Decorator syntax

Christopher T King squirrel at WPI.EDU
Thu Aug 5 15:45:40 CEST 2004


On Thu, 5 Aug 2004, Paul McGuire wrote:

> remind me of when I lived in Maine. When I complained about how bad the
> drivers were, inevitably the response was "we're not as bad as the drivers
> in Massachusetts!"

I believe that statement is universally true ;)

I think much of the problem in coming up with a universally acceptable
decorator solution is that we're trying to kill too many birds with one
stone.  I believe the decorator problem can be seperated into at least
three distinct needs:


1) An easy, visually noticable way of declaring the type of a function, 
   such as classmethod and staticmethod.

This problem arose because classmethod and staticmethod weren't built 
in to the language.  The foo = classmethod(foo) syntax is a 
backwards-compatible hack, not the best way to do things.  For such a 
fundamental construct, we need language support.  Languages with support 
for these things already have a clear, consice way of specifying these 
things:

 def classmethod foo(self):
     pass

Why can't we do the same with Python?  The syntax doesn't have to 
support user constructs (indeed, it shouldn't), and it doesn't have to 
support more than one decorator (indeed, with only classmethod 
and staticmethod to choose from, this doesn't even make sense).


2) An easy, visually unobtrusive way of declaring metadata.

This is a problem we've encountered before.  The solution was to make a 
string at the top of the function behave as metadata, rather than code.  
Perhaps something similar can be done with a dictionary:

 def foo(a,b,c):
     {accepts: (int,int,list), author: 'Chris King'}
     pass

 foo.__metadata__['accepts'] --> (int,int,list)

Note that such a method is implementable in pure Python via some
byte-code trickery, and can thusly be made backwards-compatible.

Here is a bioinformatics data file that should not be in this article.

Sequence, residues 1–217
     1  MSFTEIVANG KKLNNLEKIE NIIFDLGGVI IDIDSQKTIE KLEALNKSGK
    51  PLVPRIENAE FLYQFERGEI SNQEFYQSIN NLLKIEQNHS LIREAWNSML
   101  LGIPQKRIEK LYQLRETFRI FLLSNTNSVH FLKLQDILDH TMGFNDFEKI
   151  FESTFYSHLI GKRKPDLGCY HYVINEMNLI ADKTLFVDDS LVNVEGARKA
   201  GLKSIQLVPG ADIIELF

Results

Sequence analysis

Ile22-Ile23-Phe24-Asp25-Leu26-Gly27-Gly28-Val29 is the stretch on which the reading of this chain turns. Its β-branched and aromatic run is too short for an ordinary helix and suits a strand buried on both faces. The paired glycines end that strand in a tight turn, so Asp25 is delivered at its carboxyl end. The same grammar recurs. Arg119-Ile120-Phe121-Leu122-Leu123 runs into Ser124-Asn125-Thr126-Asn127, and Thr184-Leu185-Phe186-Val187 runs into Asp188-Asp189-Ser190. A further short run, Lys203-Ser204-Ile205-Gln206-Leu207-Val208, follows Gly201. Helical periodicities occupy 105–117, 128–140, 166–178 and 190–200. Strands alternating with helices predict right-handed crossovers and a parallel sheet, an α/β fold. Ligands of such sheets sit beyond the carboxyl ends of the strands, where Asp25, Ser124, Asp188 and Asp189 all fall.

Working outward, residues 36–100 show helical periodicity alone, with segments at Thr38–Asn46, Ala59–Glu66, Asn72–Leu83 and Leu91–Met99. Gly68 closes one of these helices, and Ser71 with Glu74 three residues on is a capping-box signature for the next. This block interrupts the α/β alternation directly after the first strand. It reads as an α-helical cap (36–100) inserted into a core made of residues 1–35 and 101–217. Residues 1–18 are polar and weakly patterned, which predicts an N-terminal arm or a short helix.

Another (perhaps better) method of declaring metadata has been previously 
proposed, that of function attributes:

 def foo(a,b,c):
     .accepts = (int,int,list)
     .author = 'Chris King'

but this proposal has also (sadly) been previously rejected, despite its 
elegance and similarity to proposed "with" blocks.


3) An easy, visually noticable, yet unobtrusive way of mangling functions:

Doing such a thing, IMO, should not have syntax support.  When functions
are mangled in a user-defined way, it should look like this is happening.  
Why not make it convenient and wrap in up in a function:

 def foo(a,b,c):
     pass

 mutate(foo, make_my_function_awesome, partializer(5))

This has the advantage of being more general-purpose than syntax support:  
say make_my_function_awesome is not available, so a NameError is raised.  
The user can simply skip using that function in that case.  Or the
existence of make_my_function_awesome can be checked beforehand, and left
out of the mutate call if it's not available.

If syntax support is used, there's no way to try/except function manglers, 
save try/excepting the entire function defintion (and forcing multiple 
identical versions of the function to be defined).  Quite ugly.


So, to sum it up, let's look at what a totally pimped-out function might 
look like:

 def classmethod foo(self,a,b,c):
     """Returns a+b*c."""
     {accepts: (int,int,int), author: 'Chris King'}

     return a+b*c

 mutate(foo, make_my_function_awesome, partializer(5))

Compare to the current state of affairs:

 @partializer(5)
 @make_my_function_awesome
 @author('Chris King')
 @accepts(int,int,int)
 @classmethod
 def foo(self,a,b,c):
     """Returns a+b*c."""

      return a+b*c

Judge for yourself.




More information about the Python-list mailing list